SQUID stands for Superconducting Quantum Interference Device and is the most common detector of weak magnetic fields that exists. It was invented in 1964 and is in use today in hospitals in MRI cameras and MEG (magnetic encephalogram). The SQUID itself consists of a superconducting loop, interrupted by a thin insulating layer, which is called a Jospehson Junction. In the absence of an external magnetic field, electrons will tunnel through the insulating layer, creating a small base current, equally divided between the two branches of the loop. But in the presence of an external magnetic field, an additional current will flow through the loop, slightly changing the base current. The change can be measured as an electric signal and voila – we have measured the magnetic field. Today, SQUIDS are routinely used in hospital environment to measure brain activity of for magnetic imaging of the body or brain, using MRI (Magnetic Resonance Imaging). It can be used for schizophrenia research, diagnosis of epilepsy and for evaluation of neural damage after stroke of physical trauma.

So back to the topic of the day – why do those machines have to be so big that the patient needs to crawl into the machine instead of having the sensor placed on or inside the body? After all a SQUID is small – about half a millimeter across the loop. What do you remember from physics class about super conductors? The have to be cryogenically refrigerated! So, in addition to the sensor, we also need a huge cooling system, with fumigating and expensive storage tanks, safety procedures to keep liquid nitrogen from escaping, not to imagine the cost of producing and delivering and administering the coolant. Is there not a better way? This is the questions these groups were trying to answer – using the phenomenon of high critical temperature superconductors. There are a few elements, which experience superconducting properties at room temperature. Why they do so is still an open question in physics, but if we could make sensors out of those instead, science would have a whole new way to approach neurological measurements. They could be done in your home, on the move, of maybe (and why not), implanted in your scull.

No, we are still not talking about The Matrix. For starters, REAL scientists have much cooler outfits – AND they get free lunch.

A New Medical Landscape

sickbed
The medical field is by tradition and necessity a highly conservative business, and as such has been one of the last to adopt highly integrated computerized solutions. Probably with good reason given the critical systems involved. Robust systems of high quality does not come about by themselves, but are a product of adequate resources, efficiently put to use.

Both Sweden and the UK are countries where a discussion around these issues has started to yield concrete results. A new law on biobanking and an action plan for the implementation of an e-health system in the former, a strategy for Life Science in the latter. In 2014, three Swedish institutes, LIF, Swedish Medtech and Sweden BIO, concluded that quality in individual systems was usually sufficient, but that coordination between systems and organizations was missing. An action plan was devised. In UK, the situation is somewhat improved by the presence of a national healthcare system, the NHS, making it possible to launch nation wide research and healthcare collaborations such as the UK Biobank.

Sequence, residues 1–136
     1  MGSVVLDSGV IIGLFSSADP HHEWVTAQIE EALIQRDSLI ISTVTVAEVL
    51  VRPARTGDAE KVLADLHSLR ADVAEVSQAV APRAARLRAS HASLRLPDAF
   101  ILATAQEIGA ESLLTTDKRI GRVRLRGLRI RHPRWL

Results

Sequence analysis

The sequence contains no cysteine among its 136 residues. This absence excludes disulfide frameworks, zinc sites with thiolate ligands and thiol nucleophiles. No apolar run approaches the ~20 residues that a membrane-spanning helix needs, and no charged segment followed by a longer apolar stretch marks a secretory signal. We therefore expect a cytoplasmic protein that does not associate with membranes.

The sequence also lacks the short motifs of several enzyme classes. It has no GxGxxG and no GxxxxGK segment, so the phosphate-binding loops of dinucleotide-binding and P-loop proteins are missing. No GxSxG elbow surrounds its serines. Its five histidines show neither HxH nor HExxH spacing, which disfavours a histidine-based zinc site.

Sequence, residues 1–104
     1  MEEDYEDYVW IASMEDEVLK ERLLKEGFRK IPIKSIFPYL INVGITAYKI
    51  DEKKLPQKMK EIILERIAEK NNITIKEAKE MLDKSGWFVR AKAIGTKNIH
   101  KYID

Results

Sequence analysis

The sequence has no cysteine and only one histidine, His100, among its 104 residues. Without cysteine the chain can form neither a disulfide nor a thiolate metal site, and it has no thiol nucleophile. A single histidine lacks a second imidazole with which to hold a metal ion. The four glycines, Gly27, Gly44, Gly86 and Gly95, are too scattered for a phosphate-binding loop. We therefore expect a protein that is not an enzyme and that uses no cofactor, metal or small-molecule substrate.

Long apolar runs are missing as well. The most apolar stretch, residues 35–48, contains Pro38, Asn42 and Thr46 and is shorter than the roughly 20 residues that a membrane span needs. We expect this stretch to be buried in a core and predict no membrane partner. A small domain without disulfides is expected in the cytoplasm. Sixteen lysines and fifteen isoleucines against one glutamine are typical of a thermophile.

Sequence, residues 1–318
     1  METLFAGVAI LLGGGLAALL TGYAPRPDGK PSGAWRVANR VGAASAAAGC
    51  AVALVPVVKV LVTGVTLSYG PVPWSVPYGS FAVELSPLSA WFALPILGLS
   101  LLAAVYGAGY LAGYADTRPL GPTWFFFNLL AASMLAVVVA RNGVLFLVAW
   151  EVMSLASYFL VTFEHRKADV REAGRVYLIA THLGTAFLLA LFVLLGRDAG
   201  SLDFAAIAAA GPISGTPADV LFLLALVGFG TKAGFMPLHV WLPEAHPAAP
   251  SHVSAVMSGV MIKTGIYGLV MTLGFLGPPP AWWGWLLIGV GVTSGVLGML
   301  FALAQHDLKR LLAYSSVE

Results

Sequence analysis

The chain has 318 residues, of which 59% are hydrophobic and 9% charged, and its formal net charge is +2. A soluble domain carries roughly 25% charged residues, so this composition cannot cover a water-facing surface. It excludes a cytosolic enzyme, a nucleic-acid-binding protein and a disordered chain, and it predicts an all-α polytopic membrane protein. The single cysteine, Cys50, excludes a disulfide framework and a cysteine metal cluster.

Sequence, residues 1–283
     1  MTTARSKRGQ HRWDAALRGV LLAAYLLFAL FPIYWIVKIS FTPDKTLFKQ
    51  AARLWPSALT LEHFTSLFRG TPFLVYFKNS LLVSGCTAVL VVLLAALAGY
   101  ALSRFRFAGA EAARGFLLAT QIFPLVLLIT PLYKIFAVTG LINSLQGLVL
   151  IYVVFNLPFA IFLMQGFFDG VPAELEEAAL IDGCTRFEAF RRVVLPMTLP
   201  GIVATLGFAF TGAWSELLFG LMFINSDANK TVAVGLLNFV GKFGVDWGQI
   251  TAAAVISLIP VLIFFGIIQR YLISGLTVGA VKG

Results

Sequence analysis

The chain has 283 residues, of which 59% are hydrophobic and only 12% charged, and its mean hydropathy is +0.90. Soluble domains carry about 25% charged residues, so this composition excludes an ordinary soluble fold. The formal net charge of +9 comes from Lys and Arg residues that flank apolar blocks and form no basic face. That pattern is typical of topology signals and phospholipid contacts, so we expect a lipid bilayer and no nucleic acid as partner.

Clear is that the new technological environment will bring a new possibilities in healthcare, but also changes in how we work. How does this new environment patient, the researcher, the medical personnel and the provider of technical services? The technician will suddenly be an important part in a traditionally non-technological field. What will that require in terms of people skills, risk assessment and ethical thinking?

As a Swedish citizen, working for several years in the UK on the fence between medicine, biology and technology, I take a particular interest in some of the differences between their respective national systems, against the backdrop of European and Global policies, trying to bring to light some of the opportunities and challenges facing us. At the same time, I will try to share my knowledge in this field.

A Day of Uncommon Sense

When we decided to undertake the production of this internet magazine, there was half a plan of having it launch on 9th November, as a tribute to the tragic history of 11th September. By choosing the opposite of the more famous Nineleven, we thought we could announce this as a new global date to honor Common Sense – indeed the very opposite of what Nineleven has come to stand for. A day where we will only make logically and emotionally sound decisions, where our choice of words will be balanced and thought through, our arguments sound and our actions based on facts, skeptically scrutinized to the best of our ability.

But a quick review of human history through On This Day soon reveals the cruel facts:

9th November is just as filled with historic atrocities as any 11th September, including a declaration of war by president Saddam Hussein in 1980, a hurricane in 1965 (although it can hardly be blamed for its bad behavior), a nuclear test in 1962, and of course the Kristallnacht in 1938. The list is only slightly brightened by events such as quite a few successful space explorations in the 60:s, a romantic encounter in 1966 (which may not be an entirely positive event, depending on the view, since the lady in question is named Yoko Ono) and airplane flight lasting more than 5 minutes in 1904. Perhaps the only really worthwhile memorable event in recent history on this day is the fall of the Berlin Wall in 1989.

So – no this day seem to be occupied, sorry. Instead, we propose to elect 10th November the global day of Uncommon Sense. And in the spirit of this day, bringing logic extrapolated from lessons to the inescapable conclusion, we will not even bother to check what unsound actions may taint the history of this day, and the Reader is adviced to check out the backlog at their own risk. Is it even going to be possible to find a day without an overshadowing backlog of bloodshed, plundering or even the one occasional rampage? Any Reader is encouraged to post comments inspiring hope for the human race in the commentary field. It seems it will be needed.